It has been a difficult few days…
I know she was an old girl. I know she was ready to go…but ouch, that huge gaping hole…
Like an old pair of shoes
she fitted so comfortably into our lives. Had skilfully trained us all up to meet her every need. Always a huge smile on those chops as she came bouncing out of her kennel each morning, tripping you up in her haste to roll over onto her back for a belly rub. Always begging at your heels for whatever tasty snacks were on the go. Always fussing. Always in the way and always just the way we all loved her.
She arrived on the farm, a little tornado full of mischief
A surprise for the children, my parents kindly collected her from her Ayrshire family and delivered this squirming, wriggling bundle of fluff into our lives. Her introduction to life at Persabus began with her sizing up and taking on the Happy Farmer. Wielding one of his seemingly huge boots, nearly as big as her stocky little puppy self, she hauled it, dragged it, fought with it with all her little might until she had it sat in the middle of the sitting room rug. She then proceeded to sink her sharp little needle-like teeth into the soft leather. One eye cocked on the Happy Farmer looking for a response as she soothed her ‘puppy gums’, little tail wagging ten to the dozen. She had those puppy teeth ready to clench into anything that dared to take her on.
It really did not take her more than a few seconds to endear herself to the whole clan, except the Happy Farmer, who could see all of the wonderful trouble that lay on the path ahead. Not a fan of dogs as pets, Ruby knew it would not be long before she had him chasing after her every demand too.
Part of the Persabus welcoming committee
Ruby would always take it upon herself to sneak round to meet new guests on the farm. She would belly wriggle across the yard before flipping herself over onto her back, at their feet, a huge grin across her face, as she demanded belly rubs. She could suss out the dog-loving guests, and happily turned a deaf ear whenever the opportunity of such a meeting arose, making sure she never missed out on that infamous ‘Ruby welcome’.
On hot summer days she would sneak across to the pottery for a nosey, happily adopting a family, she would sprawl out her long body in the sunshine beside her new friends at the picnic benches, enjoying all the treats of the day, as they would feed her cakes and crusts. Oblivious to her presence as I served more teas, I would venture over to say hello to the pooch on the lawn, and realise it was my own Ruby, who should have been tucked up in the garden at the back of the farmhouse.
She quickly became my little shadow
everywhere I turned Ruby would be following. Lazing out beside me as I weeded flowerbeds, smiling as she sniffed at pottery pieces on photoshoots, running at my heels through the grass, up the hills and down to the shore.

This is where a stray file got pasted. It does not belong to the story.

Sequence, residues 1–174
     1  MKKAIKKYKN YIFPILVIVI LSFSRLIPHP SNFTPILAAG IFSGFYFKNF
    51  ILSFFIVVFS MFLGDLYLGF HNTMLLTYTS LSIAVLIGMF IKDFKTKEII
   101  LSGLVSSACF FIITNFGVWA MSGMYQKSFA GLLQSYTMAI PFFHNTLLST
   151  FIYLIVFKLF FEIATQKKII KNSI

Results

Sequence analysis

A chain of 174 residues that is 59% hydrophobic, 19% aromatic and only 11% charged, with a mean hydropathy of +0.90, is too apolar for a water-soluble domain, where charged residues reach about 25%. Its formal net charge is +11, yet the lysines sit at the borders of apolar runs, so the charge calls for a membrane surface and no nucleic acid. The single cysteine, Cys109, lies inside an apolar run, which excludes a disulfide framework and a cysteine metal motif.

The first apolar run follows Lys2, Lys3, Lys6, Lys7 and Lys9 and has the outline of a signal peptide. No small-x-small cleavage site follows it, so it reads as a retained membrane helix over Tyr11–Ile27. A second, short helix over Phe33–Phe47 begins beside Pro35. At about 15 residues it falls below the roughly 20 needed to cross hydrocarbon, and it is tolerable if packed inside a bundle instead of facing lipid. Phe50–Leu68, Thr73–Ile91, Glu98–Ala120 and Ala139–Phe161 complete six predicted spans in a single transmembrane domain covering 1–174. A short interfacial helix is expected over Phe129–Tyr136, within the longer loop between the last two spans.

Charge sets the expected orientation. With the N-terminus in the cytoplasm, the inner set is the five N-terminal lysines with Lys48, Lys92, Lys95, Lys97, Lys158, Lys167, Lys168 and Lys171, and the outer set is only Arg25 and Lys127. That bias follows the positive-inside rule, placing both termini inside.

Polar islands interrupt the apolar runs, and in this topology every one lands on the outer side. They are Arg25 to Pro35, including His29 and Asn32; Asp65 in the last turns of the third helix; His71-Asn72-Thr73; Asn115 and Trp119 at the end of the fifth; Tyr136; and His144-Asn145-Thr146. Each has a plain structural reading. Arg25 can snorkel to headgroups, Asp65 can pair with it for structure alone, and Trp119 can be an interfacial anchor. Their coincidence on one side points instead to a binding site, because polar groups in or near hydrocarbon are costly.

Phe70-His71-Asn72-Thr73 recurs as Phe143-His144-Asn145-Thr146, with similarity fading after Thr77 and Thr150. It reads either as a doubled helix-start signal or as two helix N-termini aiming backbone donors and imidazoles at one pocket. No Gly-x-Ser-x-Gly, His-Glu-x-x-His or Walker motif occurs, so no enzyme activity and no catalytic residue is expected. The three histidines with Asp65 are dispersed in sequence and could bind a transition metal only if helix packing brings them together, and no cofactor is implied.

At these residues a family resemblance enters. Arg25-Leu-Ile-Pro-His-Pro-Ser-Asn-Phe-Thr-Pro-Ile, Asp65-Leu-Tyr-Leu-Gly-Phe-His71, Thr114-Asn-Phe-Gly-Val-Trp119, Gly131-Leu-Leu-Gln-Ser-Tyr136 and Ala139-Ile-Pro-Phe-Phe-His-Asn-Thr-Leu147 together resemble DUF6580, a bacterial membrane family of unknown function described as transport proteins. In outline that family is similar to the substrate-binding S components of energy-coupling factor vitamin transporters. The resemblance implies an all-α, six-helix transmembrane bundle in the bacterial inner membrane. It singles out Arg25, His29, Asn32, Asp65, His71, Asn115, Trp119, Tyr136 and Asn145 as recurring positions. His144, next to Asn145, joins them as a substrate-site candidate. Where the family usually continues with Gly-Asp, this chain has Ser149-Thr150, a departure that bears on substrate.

The farm was her home. A place where she enjoyed absolute freedom, during lockdown, with all of the family home. She couldn’t have enjoyed more love, more snuggles, so many walks every day, and of course lots of her favourite belly rubs.
She had perfected the
‘I don’t want to go in my kennel just now’ routine
down to a tee. She would fix her eyes on mine, stand perfectly still, and give me that ‘Ruby look’. If that did not work and the word ‘kennel’ was repeated, she would look again, before slowly dropping her head, then those shoulders, and then ambling one paw in front of the other, she would take two small steps, before stopping again, to repeat the process.
How could I resist?
Ruby always got her own way. She refused point blank to stay in the farmhouse at night though unless she was ill, on those occasions she would lie on her seat, staying firmly put. You always knew when she was starting to recover as she would once again jump up to go out at night. Even wakening the Happy Farmer in the middle of the night, demanding to be let back out to her own bed. Latterly we had to lock her out of her kennel knowing we would struggle to convince her to come out again.
I have tried to remember the downsides, to see if that would ease the painful gaping hole. The times Ruby arrived back from her run, caked literally in thick wet manure, a huge smile on her face. She loved a good scent around her. Countless times I would tussle with her, struggling to hose her down as she looked on sorrowfully, soap suds everywhere, one very bedraggled looking hound.
The times she would take off after a rabbit and just ignore my shouts.
Those muddy paws. Her smelly wet coat.
It’s been a difficult few days. I know she was an old girl. I know it was time for her to go, but it never makes it any easier.
Lying in the sunshine, enjoying those lovely belly rubs, under the washing line, she peacefully slipped away….
‘Miss Ruby Rose Berry Bramble Rhubarb Rhupinder Maisie Tilly Lilly Coll Snuts Jetta Dusty Posy Cocoa Cola Irn Bru Shadow Molly Fletcher’, yes there were a few issues on which name to choose at the time, and the kids could simply not agree, so to keep everyone happy we kept them all in and she ended up with a very posh, long list of beautiful names… but was definitely a ‘Ruby’ on most days.
I miss my old ‘rug’ dreadfully, losing one of the clan is just the pits…so, give your furry friends an extra wee snuggle today.
Thankfully, Bramble dog is not feeling our pain.
Instead, she has happily stepped into her new role as top dog, snoring away contentedly in her chair, waiting patiently to go for her run….
Until next time…